Focus shifts to remaining harmful provisions in EU-India trade deal
Brussels/New Delhi, 22 June 2011 — India formally announced at the UN High Level Meeting on HIV and AIDS that it will not accept data exclusivity, a provision harmful to access to affordable medicines, as part of a free trade agreement (FTA) currently being negotiated with the European Union (EU). Although this is an important victory for the global mobilisation against the potential negative impact of the FTA on access to medicines, further harmful measures remain on the negotiating table, the international medical humanitarian organisation Médecins Sans Frontières (MSF) said today.
“MSF and other treatment providers depend on a sustainable flow of affordable generics from India to treat people across the developing world. Saying ‘no’ to data exclusivity will reach far beyond India’s borders in terms of ensuring access to affordable medicines in developing countries”, said Dr Tido von Schoen-Angerer, Executive Director of MSF’s Campaign for Access to Essential Medicines. “This is a big victory, but we’re not letting up until we see all the potentially harmful policies off the table”.
By delaying the registration of generic versions of a medicine by up to ten years, data exclusivity would effectively have given a backdoor monopoly status to companies, even for drugs that do not deserve a patent under India’s law. The clause, which was criticised by global health actors including the Global Fund, WHO, UNAIDS, and UNITAID, threatened to further limit price-busting generic competition in India, thanks to which the price of HIV medicines has fallen by 99% over the last ten years.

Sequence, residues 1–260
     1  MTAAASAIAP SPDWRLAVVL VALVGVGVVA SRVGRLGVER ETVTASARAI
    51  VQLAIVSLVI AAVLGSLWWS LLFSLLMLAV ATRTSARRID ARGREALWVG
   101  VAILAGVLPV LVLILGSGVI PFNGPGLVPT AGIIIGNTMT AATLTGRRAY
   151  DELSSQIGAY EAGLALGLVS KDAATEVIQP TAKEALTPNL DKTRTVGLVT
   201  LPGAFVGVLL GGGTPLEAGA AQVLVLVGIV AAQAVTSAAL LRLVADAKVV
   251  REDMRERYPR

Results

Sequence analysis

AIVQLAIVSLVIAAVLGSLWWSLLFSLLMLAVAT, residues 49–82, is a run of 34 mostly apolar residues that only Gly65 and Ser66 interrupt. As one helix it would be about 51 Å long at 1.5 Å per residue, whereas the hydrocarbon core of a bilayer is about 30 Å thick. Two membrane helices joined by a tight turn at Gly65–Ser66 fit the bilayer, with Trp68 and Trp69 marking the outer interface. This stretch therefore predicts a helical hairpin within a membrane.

The announcement by India at the AIDS Summit now means both the EU and India have officially confirmed data exclusivity will not be part of the FTA text. MSF is now calling on Europe to remove other harmful clauses from the EU-India FTA negotiations.
“Europe is still pushing provisions on the enforcement of intellectual property that are of great concern for procurers and suppliers of medicines, like MSF, as they put us at risk of litigation or court orders that prevent us from delivering medicines to patients,” said Michelle Childs, Director of Policy/Advocacy of MSF’s Access Campaign.
By allowing patent holders to target all persons involved in the production, manufacture and delivery of medicines suspected of infringing an intellectual property right, these provisions could draw in treatment providers like MSF into legal proceedings. Enforcement provisions also increase the risk of medicines being seized at Indian borders.
A second area of concern is the investment chapter of the FTA which includes measures to protect the commercial interests of foreign companies investing in India. Pharmaceutical companies would have the right to bypass Indian courts and sue the Indian government in secret international arbitration panels that do not balance public health against private profit. This could lead to the Indian government facing long legal battles over millions of dollars in damages if, for example, a drug company sees its patent or trademarks (its ‘investment’) threatened by the actions of the government – even if those actions are lawful means to protect public health.
“At the recent AIDS Summit, governments – including European governments – committed to reaching 15 million people with HIV treatment by 2015”, said Michelle Childs. “Yet at the very same time, Europe is also pushing policies that will limit options to ensure access to low-cost versions of the newer drugs that people need to stay alive. This is unacceptable. The EU must drop the remaining clauses that are harmful to public health.”